The wreck was discovered in 1994 during excavation works at a dyke separating the Uelvesbüller Koog and Adolfskoog (polders). The wreck was not damaged by the excavator and it protruded 4 metres into the excavation pit. Owing to a low ground-water level during the sommer months, the stratigraphy of the dyke's building phases could be documented in situ.
The flood-control necessitated a swift recovery, however, so the wreck was excavated and removed as a block after only 9 weeks. For the removal, tunnels had to be dug beneath the wreck, into which steel girders were laid, which were connected to a corset. This was lifted from the excavation pit by a crane.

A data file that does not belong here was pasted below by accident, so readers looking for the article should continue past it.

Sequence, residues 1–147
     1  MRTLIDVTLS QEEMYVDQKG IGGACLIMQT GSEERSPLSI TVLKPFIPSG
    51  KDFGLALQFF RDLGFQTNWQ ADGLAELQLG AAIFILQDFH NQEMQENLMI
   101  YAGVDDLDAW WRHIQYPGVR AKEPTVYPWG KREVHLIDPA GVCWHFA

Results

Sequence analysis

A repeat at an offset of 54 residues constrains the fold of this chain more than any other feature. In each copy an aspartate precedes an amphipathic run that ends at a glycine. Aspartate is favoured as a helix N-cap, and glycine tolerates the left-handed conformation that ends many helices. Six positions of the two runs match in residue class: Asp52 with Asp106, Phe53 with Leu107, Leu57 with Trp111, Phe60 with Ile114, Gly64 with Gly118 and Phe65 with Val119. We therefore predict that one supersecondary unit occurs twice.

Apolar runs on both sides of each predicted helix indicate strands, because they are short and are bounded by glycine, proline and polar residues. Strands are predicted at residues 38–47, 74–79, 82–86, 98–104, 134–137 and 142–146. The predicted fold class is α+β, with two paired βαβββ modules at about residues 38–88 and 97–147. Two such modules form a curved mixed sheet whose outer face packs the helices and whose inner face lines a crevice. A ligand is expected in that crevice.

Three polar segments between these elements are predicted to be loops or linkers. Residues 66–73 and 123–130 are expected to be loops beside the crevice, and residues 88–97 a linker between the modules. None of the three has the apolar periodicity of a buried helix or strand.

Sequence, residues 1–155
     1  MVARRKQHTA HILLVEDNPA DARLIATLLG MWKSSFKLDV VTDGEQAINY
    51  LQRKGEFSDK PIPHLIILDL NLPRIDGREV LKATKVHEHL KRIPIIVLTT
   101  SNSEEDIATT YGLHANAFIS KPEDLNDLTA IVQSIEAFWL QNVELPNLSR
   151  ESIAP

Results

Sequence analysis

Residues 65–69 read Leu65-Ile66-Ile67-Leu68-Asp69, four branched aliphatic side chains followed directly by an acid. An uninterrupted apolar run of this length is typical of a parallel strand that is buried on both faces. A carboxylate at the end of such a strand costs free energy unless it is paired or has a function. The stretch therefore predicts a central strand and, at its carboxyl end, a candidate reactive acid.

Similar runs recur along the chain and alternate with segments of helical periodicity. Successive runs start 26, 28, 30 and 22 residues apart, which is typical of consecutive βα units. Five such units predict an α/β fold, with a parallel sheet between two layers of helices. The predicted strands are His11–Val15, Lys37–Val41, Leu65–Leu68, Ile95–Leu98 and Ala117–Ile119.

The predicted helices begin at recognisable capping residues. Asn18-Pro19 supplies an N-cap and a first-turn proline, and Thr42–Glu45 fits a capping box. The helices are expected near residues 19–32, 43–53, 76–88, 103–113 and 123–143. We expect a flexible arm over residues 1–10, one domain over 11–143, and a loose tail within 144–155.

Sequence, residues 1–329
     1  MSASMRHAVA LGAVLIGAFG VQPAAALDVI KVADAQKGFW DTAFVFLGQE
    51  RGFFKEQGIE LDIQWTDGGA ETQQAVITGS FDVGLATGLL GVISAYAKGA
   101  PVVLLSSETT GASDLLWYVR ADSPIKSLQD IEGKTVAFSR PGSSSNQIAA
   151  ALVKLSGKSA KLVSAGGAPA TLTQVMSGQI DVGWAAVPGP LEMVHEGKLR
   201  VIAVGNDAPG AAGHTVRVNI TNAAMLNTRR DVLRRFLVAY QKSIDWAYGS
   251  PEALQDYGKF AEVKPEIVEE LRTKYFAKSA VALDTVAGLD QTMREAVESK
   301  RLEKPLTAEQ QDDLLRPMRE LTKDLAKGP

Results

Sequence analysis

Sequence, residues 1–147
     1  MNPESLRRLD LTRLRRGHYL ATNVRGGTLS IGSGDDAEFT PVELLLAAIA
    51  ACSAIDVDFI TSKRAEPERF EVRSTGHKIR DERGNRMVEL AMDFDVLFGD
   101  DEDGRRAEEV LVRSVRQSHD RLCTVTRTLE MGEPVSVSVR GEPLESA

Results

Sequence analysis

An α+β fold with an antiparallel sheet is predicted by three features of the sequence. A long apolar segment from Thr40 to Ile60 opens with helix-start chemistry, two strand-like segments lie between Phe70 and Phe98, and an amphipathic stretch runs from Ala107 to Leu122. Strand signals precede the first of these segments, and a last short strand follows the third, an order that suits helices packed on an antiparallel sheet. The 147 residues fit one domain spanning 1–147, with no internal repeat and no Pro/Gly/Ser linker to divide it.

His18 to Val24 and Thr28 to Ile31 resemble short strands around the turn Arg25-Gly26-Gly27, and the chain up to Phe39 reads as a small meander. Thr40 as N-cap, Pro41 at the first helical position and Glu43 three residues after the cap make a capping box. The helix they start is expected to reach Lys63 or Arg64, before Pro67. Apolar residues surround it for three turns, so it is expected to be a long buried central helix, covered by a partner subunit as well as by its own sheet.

According to the dendrochronological analysis, the vessel was built around/after 1600. The way of construction shows the influence of the 'Dutch flush' method, as the vessel was built as shell-first carvel construction with massive planks, and frames that were later inserted and which components were not interconnected.
|People on board||2|
|Length||39.4 feet (12 m)|
|Beam||12.1 feet (3.7 m)|
|Tonnage||20 ton (10 last)|
The Uelvesbüll wreck has been conserved with sugar and is on display in the Schiffahrtsmuseum Nordfriesland, the small regional maritime museum of North Frisia in Husum.
- Kühn, H.-J. (1999).
Gestrandet bei Uelvesbüll - Wrackarchäologie in Nordfriesland.
- Schiffahrtsmuseum Nordfriesland (Maritime Museum of North Frisia).